Alacati, the archetypal Mediterranean town
The warmth of the climate, also the warmth of the people, sea bathing, strolls in shady lanes, or al fresco evenings to savour the mézés from a traditional café; you can find everything the word Mediterranean can make you think of at Alacati.
The city was known as Agrillia in the ancient times and it owes its modern name to the “Alaca at” (spotted horse) Turkic tribe that conquered the region about a millennia ago. Since the word ‘Alacaat’ was difficult to pronounce for the local Greeks, the name morphed into Alacati, which is used today.
Alacati was among the many important trade centers on the Aegean coast, which came to the fore with its winemaking during the Genoese rule in the early middle ages.
The locals, who initially made a living by viticulture, added tobacco business among their livelihood with the settlement of Turkish immigrants who had left Crete, Thessaloniki and Macedonia during Balkan wars. With the development of agriculture over time, the locals started growing olives, artichokes, aniseed and citrus fruits in the region.
Windmills are among the oldest structures in the region. Once known as the technological wonder of the period, these windmills have become the symbol of Alacati.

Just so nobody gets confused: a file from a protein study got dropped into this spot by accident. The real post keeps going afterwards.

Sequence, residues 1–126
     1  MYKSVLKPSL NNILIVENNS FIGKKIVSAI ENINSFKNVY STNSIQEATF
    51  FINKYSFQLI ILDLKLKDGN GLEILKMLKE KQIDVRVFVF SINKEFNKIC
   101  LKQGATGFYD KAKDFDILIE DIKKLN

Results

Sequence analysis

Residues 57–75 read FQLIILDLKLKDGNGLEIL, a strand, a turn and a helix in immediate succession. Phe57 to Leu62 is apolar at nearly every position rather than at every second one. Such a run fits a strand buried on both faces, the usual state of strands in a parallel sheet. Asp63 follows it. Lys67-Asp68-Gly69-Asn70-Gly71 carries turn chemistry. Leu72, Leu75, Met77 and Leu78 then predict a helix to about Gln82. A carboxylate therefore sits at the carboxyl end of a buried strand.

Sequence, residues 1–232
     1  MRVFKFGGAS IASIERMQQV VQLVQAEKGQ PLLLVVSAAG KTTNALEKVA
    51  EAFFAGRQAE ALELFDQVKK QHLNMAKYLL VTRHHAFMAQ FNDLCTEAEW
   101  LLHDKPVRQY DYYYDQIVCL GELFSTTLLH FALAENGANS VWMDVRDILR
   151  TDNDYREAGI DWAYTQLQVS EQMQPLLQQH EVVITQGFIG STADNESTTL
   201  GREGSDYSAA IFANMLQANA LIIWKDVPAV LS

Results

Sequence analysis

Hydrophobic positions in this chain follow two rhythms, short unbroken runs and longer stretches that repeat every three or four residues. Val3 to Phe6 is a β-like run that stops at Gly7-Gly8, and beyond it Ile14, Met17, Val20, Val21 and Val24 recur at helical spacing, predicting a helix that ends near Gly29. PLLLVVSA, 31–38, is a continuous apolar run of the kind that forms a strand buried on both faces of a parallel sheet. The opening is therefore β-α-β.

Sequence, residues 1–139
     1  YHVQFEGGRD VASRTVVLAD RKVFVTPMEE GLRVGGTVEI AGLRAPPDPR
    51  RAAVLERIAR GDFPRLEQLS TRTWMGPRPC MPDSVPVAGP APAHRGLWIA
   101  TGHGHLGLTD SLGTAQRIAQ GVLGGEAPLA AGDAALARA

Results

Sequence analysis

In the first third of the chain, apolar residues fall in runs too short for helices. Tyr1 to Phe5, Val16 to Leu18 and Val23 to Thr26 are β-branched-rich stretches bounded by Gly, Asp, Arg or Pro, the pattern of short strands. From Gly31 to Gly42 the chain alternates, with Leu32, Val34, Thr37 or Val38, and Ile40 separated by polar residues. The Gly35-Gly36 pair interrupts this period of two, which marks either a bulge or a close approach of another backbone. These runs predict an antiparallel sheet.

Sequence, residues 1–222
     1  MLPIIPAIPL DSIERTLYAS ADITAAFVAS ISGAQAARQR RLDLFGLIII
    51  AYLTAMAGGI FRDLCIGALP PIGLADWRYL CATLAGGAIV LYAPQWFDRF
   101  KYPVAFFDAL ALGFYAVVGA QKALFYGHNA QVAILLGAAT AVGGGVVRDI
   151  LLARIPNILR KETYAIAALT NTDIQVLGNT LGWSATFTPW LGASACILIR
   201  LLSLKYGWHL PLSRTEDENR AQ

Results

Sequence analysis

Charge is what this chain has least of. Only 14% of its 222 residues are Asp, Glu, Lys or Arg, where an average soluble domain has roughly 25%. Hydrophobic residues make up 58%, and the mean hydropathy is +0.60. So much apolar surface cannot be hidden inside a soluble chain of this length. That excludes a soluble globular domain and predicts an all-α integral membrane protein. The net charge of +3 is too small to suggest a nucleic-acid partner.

With its main mosque in the market place, its mosaic bazaar and its narrow streets shaded by black pepper trees, Alacati reflects Izmir’s town design in a lot ways.
The wind blowing 15-25 Knots in the north and north-west directions during the summer months makes Alacati bay indispensable for surfers. Alacati, which is one of the few surfing centers in the world due to its permanent wind, smooth and shallow sea, welcomes both amateur and professional surfers.
The city gained popularity thanks to many celebrities moving in last decade. Despite its small population of 8401, Alacati is slowly turning into one of the most important holiday resorts of the Aegean Region.